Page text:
Getting there and getting around Oman

Oman’s main gateway is Muscat International Airport (MCT), which offers service to most major Middle Eastern and European cities. There are no direct flights to Oman from North America; it’s usually most convenient to fly through Dubai, Doha, Bahrain or a major European city. Emirates, Qatar Airways, Gulf Air, Oman Air and Turkish Airlines are among those that offer connecting service. The airport is located on the western edge of the capital city; if your hotel doesn’t offer a free shuttle, you can reach the downtown via blue-striped airport taxis, which operate on a fixed, prepaid rate, or one of the microbuses that depart from the opposite side of the footbridge that spans the highway outside the airport.

A colorful sample of the many wares available at Mutrah’s souk, or market. Credit: Lon Abbott and Terri Cook. A colorful sample of the many wares available at Mutrah’s souk, or market. Credit: Lon Abbott and Terri Cook.

The most convenient and flexible means of exploring northern Oman is by renting a vehicle. The airport offers a good selection, including four-wheel-drive vehicles, from major international companies. A four-wheel-drive vehicle is necessary to explore the Jebel Shams region and some of the most spectacular wadis in the Hajar Mountains. Leaving paved roads behind is a serious undertaking; websites such as timesofoman.com offer important safety tips to read before you start. Road signs are posted in both Arabic and English, and gasoline is relatively cheap and widely available.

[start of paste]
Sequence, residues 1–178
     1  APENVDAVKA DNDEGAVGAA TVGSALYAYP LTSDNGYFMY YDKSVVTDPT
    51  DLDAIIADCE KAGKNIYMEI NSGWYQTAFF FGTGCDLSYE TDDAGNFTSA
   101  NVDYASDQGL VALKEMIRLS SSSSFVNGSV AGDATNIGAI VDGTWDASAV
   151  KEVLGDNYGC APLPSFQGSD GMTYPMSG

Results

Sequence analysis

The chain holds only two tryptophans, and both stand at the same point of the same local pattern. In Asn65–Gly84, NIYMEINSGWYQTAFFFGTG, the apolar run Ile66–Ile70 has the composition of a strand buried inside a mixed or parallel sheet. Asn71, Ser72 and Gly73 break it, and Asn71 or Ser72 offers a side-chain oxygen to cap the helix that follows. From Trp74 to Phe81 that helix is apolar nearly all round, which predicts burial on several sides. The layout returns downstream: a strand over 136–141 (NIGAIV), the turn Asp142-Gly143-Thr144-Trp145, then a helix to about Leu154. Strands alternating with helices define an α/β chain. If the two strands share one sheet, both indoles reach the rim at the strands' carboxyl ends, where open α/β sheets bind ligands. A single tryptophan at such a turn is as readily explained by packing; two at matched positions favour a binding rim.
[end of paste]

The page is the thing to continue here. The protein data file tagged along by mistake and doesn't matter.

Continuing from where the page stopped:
Dune bashing is a highlight of any visit to the Sharqiya Sands. Credit: Lon Abbott and Terri Cook. Dune bashing is a highlight of any visit to the Sharqiya Sands. Credit: Lon Abbott and Terri Cook.

During the winter high season, it’s a good idea to book accommodations ahead of time, especially during the holidays. Omani hotels range widely in price, services and quality; options tend to be more limited, and the prices higher, compared to the U.S. Except for a few desert camps, there are no real campgrounds, but wild camping is allowed outside of urban areas as long as you’re discreet. A four-wheel-drive vehicle is often necessary to reach suitable sites.

Oman’s currency is the rial, which is divided into 1,000 baisa. ATMs are common in urban areas, but it’s a good idea to stock up on cash before you leave the cities. Most desert camps and rural accommodations do not accept credit or debit cards.

The weather is typically sunny and mild during the winter and, outside of the high-elevation regions, scorching in summer. The best time to visit is from November through March. It’s best to organize tours ahead of time, especially to the popular Ras al-Jinz Turtle Reserve and the Sharqiya Sands.

Terri Cook and Lon Abbott

Terri Cook (www.down2earthscience.com) is a science and travel writer based in Colorado and an EARTH roving correspondent. Lon Abbott is a geology professor at the University of Colorado at Boulder.

Sunday, May 6, 2018 - 06:00